Is there is a way to 'mark' a cell (or a set of cells) throughout a worksheet or workbook in Google Sheets, such that I can perform operations on these easily later.

The real world application of this is that I have built a 2 year budget, but some costs are potentially not going to be incurred, and thus this budget becomes "free-able". I would like to be able to mark these cells in some way and then easily add up the total 'free-able' cash elsewhere.

The only way I could think to do this would be the colour the cells a particular colour, and then build some sort of IF/SUM that adds up a cell if it is coloured a particular hex value or similar, however from a bit of googling it appears that Sheets isn't capable of knowing what colour a cell is for use in a calculation. Almost a kind of 'inverse conditional formatting'?

If this approach doesn't work, there any other way of 'marking' these cells such that I can easily identify and add them later?


If the figures of interest are in the same column, insert a column next to the numbers and use a tag like freeable cash in that column by the figures of interest. You can then use filter() to pick up the values when necessary.

If the figure cells are not in the same column, you can get a list of their values by using a formula like this:

=flatten(A2, A4, A5, B3, B6, Z4)

The cell references in the list will automatically adjust as you insert or delete rows or cut and paste cells around, which makes it much easier to use than a textual list of cell locations.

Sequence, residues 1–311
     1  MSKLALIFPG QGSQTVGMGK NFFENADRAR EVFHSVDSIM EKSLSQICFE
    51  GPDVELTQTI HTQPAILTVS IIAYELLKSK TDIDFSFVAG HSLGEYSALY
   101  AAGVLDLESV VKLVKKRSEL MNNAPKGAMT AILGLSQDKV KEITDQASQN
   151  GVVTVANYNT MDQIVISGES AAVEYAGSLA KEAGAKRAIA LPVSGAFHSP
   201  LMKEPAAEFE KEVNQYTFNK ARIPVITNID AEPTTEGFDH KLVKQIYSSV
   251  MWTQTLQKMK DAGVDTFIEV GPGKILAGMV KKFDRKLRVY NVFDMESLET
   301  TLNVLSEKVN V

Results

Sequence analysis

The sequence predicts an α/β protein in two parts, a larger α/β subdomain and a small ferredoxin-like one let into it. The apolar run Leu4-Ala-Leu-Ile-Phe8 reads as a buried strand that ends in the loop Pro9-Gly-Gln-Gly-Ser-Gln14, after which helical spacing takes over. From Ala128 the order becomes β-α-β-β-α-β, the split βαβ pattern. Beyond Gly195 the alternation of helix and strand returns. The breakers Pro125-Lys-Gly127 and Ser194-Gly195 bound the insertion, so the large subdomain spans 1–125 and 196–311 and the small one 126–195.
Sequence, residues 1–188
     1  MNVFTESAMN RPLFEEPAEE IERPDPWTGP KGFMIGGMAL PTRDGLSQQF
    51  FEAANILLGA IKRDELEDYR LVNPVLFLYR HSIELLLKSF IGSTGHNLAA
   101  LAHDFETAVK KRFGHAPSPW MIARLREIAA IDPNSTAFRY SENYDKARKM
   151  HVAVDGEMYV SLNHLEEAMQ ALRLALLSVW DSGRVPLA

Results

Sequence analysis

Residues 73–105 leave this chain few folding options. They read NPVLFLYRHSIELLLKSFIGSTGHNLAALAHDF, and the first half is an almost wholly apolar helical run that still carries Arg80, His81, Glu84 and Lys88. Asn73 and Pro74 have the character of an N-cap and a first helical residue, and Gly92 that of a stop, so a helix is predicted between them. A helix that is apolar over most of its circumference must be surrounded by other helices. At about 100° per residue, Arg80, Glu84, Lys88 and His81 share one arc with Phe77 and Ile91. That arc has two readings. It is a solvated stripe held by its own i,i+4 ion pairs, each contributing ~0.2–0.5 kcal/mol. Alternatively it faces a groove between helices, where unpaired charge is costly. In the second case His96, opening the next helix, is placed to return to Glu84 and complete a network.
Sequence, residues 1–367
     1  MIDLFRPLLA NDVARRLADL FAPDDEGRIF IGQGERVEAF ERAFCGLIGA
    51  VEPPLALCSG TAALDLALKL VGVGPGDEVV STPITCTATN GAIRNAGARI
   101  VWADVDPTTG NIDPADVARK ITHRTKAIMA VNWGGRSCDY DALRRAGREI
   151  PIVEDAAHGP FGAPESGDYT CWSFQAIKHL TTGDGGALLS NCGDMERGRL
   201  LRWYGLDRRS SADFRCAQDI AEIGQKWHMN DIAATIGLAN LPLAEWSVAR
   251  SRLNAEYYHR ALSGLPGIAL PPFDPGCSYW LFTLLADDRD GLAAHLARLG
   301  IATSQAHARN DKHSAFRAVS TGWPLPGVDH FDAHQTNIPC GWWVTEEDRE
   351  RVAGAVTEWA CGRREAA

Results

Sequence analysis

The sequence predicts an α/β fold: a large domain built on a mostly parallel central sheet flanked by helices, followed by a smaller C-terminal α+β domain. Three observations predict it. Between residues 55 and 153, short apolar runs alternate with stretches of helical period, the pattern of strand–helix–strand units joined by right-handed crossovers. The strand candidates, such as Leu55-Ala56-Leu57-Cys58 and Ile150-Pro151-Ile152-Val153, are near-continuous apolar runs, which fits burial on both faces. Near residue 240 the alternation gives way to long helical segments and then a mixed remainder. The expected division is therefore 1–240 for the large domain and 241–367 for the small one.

The flattened list is easy to sum up, including summing it up to some max limit. The downside is that the process to "mark" a cell means that you will need to manually add it to the list in the flatten() formula, which takes a bit more effort than simply painting a cell with a color.

  • Unfortunately not - as I mentioned these are quite 'disparate' cells, so they can be scattered throughout the sheet
    – Joe Healey
    Nov 24 '21 at 15:06
  • Edited the answer per OP's specific requirements. Nov 24 '21 at 16:19

Absolutely! The terminology used is 'naming' as opposed to 'marking'. Specifically 'naming ranges' or 'named ranges'.

A named range could be a single cell or multiple cells. It is an alternative to using the normal cell references you see in formulas and is very powerful tool.

Here is a Google Support article that may be of assistance:

Name a range of cells https://support.google.com/docs/answer/63175?hl=en&co=GENIE.Platform%3DDesktop

  • Ah this is getting closer to what I'm looking for I think! Gives me another set of keywords to google at least!
    – Joe Healey
    Nov 24 '21 at 15:09
  • Steady on there - its not quite a complete match to what I was asking. Naming the ranges helps somewhat, but it doesn't actually help with the identifying of the cells - all it really does is save me some typing, but I still have to manually identify each of the cells which would need to be pulled in to the range. Based on some limited testing, the named ranges also doesn't seem to like the disparate part of the question, and only seems to pick up cells which are continuous with one another. I'm pretty sure what I'm trying to achieve may only be possible with Google Scripts in reality
    – Joe Healey
    Nov 24 '21 at 16:06
  • Thanks for the efforts here, and taking the time to write a GScript - I took this as a good opportunity to learn some JavaScript and managed to get something of my own working. I don't think it's worth me opening a new question, but would be interested in seeing the approach you took vs mine given your greater familiarity
    – Joe Healey
    Nov 26 '21 at 15:07
  • Perfect! If you have any other questions don't hesitate to ask. Nov 27 '21 at 1:00

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